Apparently they agreed to meet during the last Assembly in Meryton and were making
for Gretna Green. "
On hearing of Lizzie's sad plight, both cousins looked at one another and swore under
their breaths and quickly asked Lizzie's pardon.
"Rest your mind, Miss Elizabeth, we will help you. " replied Mr. Darcy, as he helped her
up to a sitting position.
DNA:For newer readers of this story, please pay attention. My ever so perverse muse
likes to discover secrets about "Our Own Dear Jane's" beloved characters, like Aunt
Gardiner went to school with the Countess Matlock and Aunt Gardiner is Colonel
Fitzwilliam's Godmother, hence the next conversation
"Miss Elizabeth, has anybody done anything to locate the fugitives?" asked Mr. Darcy.
"My Father has traveled to Town, to meet with My Uncle in Gracechurch Street and
Uncle Gardiner is sending his traveling coach for me. Aunt Gardiner accompanies My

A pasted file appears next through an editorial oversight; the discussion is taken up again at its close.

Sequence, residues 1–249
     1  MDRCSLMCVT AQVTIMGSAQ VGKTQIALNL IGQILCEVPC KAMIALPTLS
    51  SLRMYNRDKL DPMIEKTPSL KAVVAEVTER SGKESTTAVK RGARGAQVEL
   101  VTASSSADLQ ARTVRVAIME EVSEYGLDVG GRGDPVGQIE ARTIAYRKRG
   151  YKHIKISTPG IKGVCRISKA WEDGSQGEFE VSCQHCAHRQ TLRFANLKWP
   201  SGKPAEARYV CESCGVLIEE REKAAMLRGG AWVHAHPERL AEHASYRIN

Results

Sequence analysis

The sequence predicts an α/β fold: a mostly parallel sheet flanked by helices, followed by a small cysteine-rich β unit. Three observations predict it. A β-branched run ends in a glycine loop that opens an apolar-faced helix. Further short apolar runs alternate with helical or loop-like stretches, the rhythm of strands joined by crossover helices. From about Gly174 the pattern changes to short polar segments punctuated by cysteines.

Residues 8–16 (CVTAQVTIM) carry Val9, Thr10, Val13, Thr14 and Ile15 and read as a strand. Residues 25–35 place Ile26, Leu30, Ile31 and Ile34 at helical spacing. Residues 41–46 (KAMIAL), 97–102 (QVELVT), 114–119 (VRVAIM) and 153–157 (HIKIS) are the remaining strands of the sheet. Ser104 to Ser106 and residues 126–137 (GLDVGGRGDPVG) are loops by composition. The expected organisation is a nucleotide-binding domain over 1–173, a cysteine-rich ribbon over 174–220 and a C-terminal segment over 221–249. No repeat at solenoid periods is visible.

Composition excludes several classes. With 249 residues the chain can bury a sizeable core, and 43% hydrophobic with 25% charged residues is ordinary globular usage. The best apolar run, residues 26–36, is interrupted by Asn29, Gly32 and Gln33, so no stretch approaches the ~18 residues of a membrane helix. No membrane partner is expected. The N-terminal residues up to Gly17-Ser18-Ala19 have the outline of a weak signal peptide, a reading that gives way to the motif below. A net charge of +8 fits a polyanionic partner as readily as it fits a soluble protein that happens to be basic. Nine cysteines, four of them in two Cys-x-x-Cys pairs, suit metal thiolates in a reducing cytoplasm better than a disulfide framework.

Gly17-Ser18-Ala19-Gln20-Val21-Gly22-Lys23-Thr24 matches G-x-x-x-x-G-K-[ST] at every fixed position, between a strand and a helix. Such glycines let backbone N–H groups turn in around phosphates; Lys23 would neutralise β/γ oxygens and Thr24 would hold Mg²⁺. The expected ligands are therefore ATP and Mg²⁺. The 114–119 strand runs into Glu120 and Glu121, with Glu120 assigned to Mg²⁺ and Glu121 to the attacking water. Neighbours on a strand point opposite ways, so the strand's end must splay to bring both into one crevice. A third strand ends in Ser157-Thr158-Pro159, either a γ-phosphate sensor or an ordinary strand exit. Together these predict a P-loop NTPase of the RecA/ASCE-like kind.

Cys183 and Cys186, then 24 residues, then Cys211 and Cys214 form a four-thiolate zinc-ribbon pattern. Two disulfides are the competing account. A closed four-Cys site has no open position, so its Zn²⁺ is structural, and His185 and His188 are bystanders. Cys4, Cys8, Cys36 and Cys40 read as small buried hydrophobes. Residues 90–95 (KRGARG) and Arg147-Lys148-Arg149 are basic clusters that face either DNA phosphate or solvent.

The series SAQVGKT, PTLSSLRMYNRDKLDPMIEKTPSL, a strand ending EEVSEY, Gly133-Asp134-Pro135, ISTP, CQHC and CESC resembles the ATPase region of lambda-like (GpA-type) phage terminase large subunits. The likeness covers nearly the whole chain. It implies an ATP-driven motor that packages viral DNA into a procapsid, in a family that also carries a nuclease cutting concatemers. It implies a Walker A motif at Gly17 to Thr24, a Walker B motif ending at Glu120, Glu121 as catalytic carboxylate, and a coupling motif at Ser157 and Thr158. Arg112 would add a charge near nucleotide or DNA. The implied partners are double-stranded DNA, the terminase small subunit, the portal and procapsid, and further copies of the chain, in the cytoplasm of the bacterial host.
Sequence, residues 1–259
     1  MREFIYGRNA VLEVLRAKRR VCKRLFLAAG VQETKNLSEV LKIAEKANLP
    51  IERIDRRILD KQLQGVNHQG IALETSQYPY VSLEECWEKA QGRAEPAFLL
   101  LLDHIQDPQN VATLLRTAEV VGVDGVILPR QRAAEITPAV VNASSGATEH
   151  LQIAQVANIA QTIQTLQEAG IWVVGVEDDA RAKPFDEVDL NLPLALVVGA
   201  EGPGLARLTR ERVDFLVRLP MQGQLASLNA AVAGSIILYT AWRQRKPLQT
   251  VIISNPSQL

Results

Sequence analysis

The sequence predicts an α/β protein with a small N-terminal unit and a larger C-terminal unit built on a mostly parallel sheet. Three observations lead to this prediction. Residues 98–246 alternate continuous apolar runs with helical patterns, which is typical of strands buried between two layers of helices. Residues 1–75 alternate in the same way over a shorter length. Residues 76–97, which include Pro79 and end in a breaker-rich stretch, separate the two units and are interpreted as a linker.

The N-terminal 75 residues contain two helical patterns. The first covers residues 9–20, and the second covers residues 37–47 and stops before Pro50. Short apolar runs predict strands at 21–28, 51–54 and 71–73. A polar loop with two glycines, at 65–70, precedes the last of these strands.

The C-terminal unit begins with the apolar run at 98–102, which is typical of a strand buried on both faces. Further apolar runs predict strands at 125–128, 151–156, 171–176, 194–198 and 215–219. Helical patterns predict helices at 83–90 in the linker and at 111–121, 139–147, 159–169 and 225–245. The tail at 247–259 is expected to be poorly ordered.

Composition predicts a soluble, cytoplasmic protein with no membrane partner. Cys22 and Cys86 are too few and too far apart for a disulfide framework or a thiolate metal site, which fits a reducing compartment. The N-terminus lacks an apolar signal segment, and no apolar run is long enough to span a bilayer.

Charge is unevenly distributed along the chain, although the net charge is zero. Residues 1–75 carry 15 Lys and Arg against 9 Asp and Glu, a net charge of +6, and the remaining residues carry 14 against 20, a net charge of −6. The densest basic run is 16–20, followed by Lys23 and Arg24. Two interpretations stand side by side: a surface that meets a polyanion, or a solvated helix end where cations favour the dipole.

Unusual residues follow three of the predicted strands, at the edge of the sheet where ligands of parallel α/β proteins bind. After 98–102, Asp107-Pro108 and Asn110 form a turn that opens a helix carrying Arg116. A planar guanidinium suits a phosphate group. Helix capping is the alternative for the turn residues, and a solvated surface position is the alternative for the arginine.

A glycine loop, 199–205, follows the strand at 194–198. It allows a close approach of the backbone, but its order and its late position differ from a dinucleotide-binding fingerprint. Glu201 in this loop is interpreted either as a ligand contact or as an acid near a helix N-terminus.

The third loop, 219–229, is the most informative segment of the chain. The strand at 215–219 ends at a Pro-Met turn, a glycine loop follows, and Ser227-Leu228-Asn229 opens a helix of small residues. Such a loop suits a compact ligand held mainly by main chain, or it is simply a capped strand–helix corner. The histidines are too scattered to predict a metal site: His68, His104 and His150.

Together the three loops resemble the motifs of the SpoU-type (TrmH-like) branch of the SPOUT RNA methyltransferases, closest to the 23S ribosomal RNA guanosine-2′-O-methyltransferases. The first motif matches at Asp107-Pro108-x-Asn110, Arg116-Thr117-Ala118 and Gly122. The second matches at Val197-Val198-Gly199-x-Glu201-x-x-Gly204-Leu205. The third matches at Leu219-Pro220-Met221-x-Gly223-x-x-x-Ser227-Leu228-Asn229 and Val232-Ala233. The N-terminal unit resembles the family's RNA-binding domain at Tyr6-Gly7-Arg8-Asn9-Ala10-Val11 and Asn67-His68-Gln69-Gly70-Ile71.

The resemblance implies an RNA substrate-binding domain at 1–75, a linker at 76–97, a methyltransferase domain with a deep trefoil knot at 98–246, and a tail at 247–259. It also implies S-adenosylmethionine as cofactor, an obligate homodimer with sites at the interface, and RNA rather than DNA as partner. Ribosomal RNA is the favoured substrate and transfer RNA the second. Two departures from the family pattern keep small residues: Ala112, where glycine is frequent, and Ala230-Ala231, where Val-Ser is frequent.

Sister, for she wishes to be back at Longbourn to assist Our Mother. " replied Lizzie.
"They will be coming to Hunsford, Miss Elizabeth?" asked the Colonel, curiously.
"It will be likely that they will. " replied Lizzie, in a slightly knowing tone.
"This might not be the best time, but I will like seeing my Godmother. " said Colonel
That particular statement surprised Mr. Darcy. He did not know that his Aunt had any
connection to the Gardiner Family in Gracechurch Street, for that was likely how she had
become his cousin's Godmother.
Posted on Thursday, 20 March 2003
"You may trust my cousin, Miss Elizabeth to keep your plight in utmost confidence. For I
would trust him with my life. " said Mr. Darcy, still surprised that there was connection
between his Cousin James and the Gardiner Family of Gracechurch Street.
"I imagine that you look upon your cousin as something of an advisor. Colonel
Fitzwilliam seems to be very wise. He must have helped ...